During the Thursday morning lecture we considered the influence cultural politics has on electoral politics, with the population generally driving change that can be adapted by politicians when it’s gained enough popularity. Politicians are generally not willing to lead a change that runs contrary to popular views of the time. One exception I considered is the Space Race, with Kennedy determined to put a man on the moon, and inspiring the nation with his conviction. This is particularly interesting because the civil rights movement was a major impact of cultural politics during the same period. Kennedy avoided taking a stance on that issue because it was so divisive to those that put him in power, so we have a parallel of both cultural and political progression.
I came to the Anne Frank house with a deep familiarity, having grown up with stories of my grandfather’s work camp experiences, and sharing the Frank’s story in the role of Otto Frank. While appreciating the insights and sensitivity of the experience, I thought the museum had a great opportunity to highlight or mention other contemporary conflicts that relate to the Franks situation, such as Darfur, Bosnia, Cambodia and Rwanda. The unifying experience of the Tropenmuseum’s Things That Matter exhibit demonstrated the impact that shared stories can have. Though there wouldn’t be space for that in the Anne Frank House, they could perhaps do something more simple.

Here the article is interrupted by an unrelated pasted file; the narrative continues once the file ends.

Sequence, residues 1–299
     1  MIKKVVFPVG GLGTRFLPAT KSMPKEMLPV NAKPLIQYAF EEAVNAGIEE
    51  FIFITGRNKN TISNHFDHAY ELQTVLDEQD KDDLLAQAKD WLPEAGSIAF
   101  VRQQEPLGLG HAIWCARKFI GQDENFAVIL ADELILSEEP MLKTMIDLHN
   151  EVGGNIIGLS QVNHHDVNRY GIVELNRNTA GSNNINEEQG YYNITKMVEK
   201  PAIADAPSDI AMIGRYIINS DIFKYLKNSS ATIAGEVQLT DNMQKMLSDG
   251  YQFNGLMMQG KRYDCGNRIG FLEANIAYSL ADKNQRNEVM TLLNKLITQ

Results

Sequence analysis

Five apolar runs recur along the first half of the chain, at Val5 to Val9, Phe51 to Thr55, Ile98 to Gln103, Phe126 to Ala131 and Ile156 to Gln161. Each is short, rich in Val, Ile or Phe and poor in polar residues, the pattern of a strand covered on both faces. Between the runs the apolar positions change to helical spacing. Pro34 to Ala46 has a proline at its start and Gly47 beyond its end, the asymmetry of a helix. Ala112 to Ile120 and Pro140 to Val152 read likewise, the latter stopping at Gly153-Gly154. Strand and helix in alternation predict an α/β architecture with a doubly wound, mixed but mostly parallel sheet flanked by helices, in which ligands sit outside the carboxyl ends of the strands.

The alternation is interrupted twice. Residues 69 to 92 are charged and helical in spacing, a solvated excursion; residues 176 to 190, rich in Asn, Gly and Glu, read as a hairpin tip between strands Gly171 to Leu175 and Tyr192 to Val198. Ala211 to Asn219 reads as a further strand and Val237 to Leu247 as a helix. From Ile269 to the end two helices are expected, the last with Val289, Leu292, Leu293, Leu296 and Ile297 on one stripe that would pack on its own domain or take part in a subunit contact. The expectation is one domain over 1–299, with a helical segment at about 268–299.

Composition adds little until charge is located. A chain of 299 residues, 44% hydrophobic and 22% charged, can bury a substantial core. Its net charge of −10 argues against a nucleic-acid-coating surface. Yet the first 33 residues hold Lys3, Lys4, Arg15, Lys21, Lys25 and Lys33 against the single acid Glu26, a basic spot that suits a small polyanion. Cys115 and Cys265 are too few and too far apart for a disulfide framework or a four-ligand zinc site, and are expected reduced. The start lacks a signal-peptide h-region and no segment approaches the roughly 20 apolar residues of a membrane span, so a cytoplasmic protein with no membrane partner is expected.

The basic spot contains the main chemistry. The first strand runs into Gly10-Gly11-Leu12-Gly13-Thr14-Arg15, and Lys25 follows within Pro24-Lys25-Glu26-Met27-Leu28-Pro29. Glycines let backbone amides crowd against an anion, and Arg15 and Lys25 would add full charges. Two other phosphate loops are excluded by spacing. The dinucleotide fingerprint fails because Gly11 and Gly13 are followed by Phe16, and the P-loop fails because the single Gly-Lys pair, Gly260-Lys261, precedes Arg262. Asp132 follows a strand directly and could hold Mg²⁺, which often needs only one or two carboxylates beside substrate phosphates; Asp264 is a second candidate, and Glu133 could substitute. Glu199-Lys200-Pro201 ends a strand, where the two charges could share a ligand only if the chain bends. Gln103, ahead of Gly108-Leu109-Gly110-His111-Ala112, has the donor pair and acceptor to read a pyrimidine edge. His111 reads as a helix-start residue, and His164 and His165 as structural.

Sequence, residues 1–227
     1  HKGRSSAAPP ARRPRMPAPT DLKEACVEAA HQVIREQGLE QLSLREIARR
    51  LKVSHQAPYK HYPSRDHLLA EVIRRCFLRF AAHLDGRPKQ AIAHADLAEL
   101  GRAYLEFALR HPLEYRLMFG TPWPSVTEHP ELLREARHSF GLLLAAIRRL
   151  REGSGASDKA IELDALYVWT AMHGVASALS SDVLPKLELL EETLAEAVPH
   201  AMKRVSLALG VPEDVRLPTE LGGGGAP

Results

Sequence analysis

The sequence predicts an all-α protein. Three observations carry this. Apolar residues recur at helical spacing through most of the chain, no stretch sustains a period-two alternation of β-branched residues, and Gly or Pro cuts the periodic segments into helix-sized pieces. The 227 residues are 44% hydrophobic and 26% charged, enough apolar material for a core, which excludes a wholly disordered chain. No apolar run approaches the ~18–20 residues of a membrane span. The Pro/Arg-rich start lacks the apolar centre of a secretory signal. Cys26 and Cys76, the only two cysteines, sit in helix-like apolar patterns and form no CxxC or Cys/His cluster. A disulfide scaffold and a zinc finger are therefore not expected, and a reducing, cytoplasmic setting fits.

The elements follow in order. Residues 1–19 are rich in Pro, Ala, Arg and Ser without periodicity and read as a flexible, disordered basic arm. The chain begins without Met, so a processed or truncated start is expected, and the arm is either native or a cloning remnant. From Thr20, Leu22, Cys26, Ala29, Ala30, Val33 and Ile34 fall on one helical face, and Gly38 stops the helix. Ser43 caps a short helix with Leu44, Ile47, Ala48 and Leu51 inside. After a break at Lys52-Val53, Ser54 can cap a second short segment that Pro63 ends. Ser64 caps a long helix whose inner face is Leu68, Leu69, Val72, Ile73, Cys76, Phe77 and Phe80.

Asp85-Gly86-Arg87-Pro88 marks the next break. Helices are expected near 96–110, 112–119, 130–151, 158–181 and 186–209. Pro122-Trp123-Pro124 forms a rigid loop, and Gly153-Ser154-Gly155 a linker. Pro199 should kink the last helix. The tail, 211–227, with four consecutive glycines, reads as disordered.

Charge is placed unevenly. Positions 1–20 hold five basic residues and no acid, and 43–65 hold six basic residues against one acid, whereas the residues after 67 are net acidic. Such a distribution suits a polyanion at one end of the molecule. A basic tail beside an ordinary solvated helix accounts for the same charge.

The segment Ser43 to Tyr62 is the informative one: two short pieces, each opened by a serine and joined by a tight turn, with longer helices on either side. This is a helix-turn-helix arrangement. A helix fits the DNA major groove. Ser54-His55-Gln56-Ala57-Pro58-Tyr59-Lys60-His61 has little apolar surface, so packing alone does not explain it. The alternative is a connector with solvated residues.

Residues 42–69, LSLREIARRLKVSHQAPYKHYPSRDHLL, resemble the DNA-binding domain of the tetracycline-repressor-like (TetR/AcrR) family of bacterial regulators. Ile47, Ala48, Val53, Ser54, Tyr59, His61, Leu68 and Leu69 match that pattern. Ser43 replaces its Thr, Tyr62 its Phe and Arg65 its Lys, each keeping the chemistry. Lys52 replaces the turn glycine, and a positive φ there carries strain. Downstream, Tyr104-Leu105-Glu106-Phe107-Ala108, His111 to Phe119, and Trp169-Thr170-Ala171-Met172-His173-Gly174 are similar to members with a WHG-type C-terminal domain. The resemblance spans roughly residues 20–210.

The Jewish Children’s Museum opened the door to other cultures and experiences through simple quotations. Alternatively, the Anne Frank House ended with a video that seemed to bookend these types of conflicts. Among those being interviewed were childhood friends, Whoopie Goldberg, and a tourist who had finished the tour and said something to the effect of “If we aren’t careful, this sort of thing could happen again. We’ve got to remember so we can nip it in the bud before it blooms.” To me, this disregards other cultures where racial and religious genocide has not only bloomed, but gone to seed. Anne’s hopefulness and optimism is a perfect counterbalance to these horrors, and the Anne Frank house seems an optimal place to honor them alongside the Jewish Holocaust.